Almost 50 years ago, the British hard rock band Deep Purple broke new ground for the rock industry when it partnered with the Royal Philharmonic Orchestra for the band’s now landmark Concerto for Group and Orchestra recording. In the near half-century that has passed since that groundbreaking performance and recording, rock bands performing with professional orchestral groups has become an increasingly commonplace occurrence. Other great names such as Eric Clapton, Yes, Metallica, KISS and others have since gone on to perform with such groups in a live setting. Styx is one of the most recent of those others, having performed live in 2006 with the Contemporary Youth Orchestra for its live recording, One With Everything. In 2016, Styx vocalist Tommy Shaw returned to Ohio to mark the 10th anniversary of that performance with a new performance with the same group (made up by then of a new group of young musicians). That performance with the high school orchestra and chorus was released June 29 of this year through Eagle Rock Entertainment in the form of the new recording Sing for the Day. Released separately on Blu-ray and CD, the recording is a positive offering despite having one notable problem – its audio. This problem will be discussed a little later. That’s because it also boasts its share of positives, beginning with its set list, which will be discussed shortly. The group’s performance is another of the recording’s most notable positives. When it is coupled with the set list, the two positives prove the recording to be one that Styx fans will still welcome in their home music libraries.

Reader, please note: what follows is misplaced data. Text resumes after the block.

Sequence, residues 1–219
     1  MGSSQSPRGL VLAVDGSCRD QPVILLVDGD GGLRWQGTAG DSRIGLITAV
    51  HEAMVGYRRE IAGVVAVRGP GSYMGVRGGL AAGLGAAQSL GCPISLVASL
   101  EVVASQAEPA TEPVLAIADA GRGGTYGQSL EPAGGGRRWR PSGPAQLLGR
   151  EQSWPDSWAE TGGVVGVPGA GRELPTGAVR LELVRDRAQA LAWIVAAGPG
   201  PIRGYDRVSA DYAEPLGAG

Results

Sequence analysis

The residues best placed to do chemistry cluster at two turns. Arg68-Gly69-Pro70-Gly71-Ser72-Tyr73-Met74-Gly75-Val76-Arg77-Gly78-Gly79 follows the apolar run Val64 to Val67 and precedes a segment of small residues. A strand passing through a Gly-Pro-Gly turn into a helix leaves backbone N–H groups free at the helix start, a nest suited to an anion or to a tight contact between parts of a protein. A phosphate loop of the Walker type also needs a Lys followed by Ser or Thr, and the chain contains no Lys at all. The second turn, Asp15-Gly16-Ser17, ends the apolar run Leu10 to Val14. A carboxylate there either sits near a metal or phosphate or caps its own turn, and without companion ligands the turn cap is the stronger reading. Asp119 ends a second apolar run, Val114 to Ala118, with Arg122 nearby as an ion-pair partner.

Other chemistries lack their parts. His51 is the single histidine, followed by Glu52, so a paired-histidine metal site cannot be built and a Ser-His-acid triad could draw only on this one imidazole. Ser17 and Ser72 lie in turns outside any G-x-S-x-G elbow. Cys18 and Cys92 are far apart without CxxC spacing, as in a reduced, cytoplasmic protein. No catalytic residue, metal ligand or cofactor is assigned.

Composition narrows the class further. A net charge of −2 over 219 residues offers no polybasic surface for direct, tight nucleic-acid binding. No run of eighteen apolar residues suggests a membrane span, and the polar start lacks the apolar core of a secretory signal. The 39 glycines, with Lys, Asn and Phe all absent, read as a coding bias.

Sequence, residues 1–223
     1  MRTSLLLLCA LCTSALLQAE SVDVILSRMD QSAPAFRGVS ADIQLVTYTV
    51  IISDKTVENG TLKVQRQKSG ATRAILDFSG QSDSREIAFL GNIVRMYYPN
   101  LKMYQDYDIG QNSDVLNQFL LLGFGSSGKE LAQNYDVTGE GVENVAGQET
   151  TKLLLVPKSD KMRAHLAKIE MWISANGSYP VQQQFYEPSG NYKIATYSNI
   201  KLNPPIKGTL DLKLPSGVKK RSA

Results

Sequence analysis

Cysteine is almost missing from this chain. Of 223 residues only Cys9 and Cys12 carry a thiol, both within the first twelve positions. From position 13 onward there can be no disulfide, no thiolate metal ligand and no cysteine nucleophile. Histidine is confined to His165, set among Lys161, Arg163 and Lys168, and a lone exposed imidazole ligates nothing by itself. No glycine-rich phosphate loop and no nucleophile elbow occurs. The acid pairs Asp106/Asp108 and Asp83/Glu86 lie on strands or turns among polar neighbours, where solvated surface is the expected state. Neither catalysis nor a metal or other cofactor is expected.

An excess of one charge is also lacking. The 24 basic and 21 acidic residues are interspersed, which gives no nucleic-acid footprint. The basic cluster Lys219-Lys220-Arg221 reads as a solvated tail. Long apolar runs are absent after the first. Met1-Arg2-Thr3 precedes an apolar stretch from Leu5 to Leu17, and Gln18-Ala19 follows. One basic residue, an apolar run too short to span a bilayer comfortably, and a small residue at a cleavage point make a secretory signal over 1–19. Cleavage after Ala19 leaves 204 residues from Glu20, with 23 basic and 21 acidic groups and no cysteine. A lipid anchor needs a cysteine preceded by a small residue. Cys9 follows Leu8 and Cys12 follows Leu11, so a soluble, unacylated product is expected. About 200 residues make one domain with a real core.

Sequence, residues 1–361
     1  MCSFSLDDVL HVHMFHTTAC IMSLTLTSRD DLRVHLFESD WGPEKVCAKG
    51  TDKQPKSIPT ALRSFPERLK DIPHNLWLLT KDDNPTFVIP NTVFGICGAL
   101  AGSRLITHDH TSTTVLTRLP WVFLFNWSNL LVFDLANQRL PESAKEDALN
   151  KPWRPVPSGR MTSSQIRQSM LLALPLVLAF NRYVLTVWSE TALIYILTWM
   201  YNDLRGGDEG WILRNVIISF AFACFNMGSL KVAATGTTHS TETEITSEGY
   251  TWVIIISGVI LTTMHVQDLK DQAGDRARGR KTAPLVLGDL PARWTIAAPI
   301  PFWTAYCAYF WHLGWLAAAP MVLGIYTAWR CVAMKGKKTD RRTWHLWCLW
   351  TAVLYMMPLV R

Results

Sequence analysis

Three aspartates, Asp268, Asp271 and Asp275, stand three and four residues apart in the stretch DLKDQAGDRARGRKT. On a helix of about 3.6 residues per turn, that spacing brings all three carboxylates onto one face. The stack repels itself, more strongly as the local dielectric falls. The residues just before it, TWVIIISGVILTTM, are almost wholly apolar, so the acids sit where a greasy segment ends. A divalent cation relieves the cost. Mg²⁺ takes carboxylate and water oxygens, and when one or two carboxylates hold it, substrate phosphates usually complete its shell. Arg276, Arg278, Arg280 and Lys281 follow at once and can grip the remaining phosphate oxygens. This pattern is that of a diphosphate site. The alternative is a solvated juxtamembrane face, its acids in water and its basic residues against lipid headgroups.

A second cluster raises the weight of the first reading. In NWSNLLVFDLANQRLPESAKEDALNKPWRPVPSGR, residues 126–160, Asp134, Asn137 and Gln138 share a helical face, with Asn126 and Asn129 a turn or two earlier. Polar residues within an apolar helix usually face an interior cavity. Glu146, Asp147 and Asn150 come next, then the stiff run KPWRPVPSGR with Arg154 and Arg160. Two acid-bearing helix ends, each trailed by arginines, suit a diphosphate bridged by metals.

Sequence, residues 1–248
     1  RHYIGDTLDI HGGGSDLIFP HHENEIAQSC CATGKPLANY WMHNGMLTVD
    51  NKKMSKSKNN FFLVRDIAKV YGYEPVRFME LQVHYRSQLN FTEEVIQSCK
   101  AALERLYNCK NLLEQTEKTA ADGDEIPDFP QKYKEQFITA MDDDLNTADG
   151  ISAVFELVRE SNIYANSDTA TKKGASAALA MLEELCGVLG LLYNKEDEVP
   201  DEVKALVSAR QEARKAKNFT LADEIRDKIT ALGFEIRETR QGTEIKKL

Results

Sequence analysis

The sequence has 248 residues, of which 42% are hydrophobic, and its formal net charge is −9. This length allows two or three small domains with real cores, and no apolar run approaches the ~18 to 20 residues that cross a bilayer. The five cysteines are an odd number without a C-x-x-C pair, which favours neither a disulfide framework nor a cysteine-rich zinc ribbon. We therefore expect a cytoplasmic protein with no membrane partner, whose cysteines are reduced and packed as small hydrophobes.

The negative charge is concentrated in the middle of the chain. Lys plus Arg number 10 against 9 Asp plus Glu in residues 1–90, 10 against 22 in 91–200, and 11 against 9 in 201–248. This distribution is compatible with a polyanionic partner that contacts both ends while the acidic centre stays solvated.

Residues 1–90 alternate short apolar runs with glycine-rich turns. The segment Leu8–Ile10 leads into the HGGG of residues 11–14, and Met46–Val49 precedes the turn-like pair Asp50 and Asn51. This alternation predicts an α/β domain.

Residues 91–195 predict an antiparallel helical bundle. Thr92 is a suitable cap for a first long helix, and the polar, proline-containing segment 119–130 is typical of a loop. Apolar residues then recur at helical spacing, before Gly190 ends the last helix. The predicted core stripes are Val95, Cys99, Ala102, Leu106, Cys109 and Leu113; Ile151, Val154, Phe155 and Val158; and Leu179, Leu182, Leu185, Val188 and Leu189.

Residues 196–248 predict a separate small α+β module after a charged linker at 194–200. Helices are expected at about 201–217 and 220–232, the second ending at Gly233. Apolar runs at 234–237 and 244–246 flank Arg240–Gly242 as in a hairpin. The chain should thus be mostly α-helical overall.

Styx vocalist Tommy Shaw’s new live recording Sing For The Day is a recording that any Styx fan will welcome in his or her music library. That is due in part through the recording’s set list. Composed of 13 songs (and 4 bonus audio tracks), the set list takes audiences through Shaw’s career including his work with Styx, his solo work and even his time as a member of Damn Yankees. Counting the bonus audio tracks – included only in the recording’s Blu-ray presentation – the set list focuses largely on Shaw’s work with Styx, with eight total Styx songs presented in the set. Shaw’s solo work is represented with four songs. That’s including the bonus audio tracks. The Damn Yankees tracks come in at a count of just two songs while Shaw’s classic tracks with fellow Damn Yankees member Jack Blades sits at the same number. In all, the set list totals 14 songs and lifts from some of the most notable of Shaw’s works. In other words, it paints a relatively rich picture of Shaw’s career, which his most devout fans are certain to appreciate. Something that audiences will really appreciate in taking in the set (at least the audio-visual portion) is that each song is noted specifically on screen with what is known as a “super” to distinctly present each song’s title. It makes following the show that much easier and more enjoyable. The performance of those songs is coupled with short interview segments at certain points throughout the concert to add their own interest and insight to the overall experience, thus making the experience that much more enjoyable. However, they also lead to the discussion of the recording’s one glaring negative – its audio.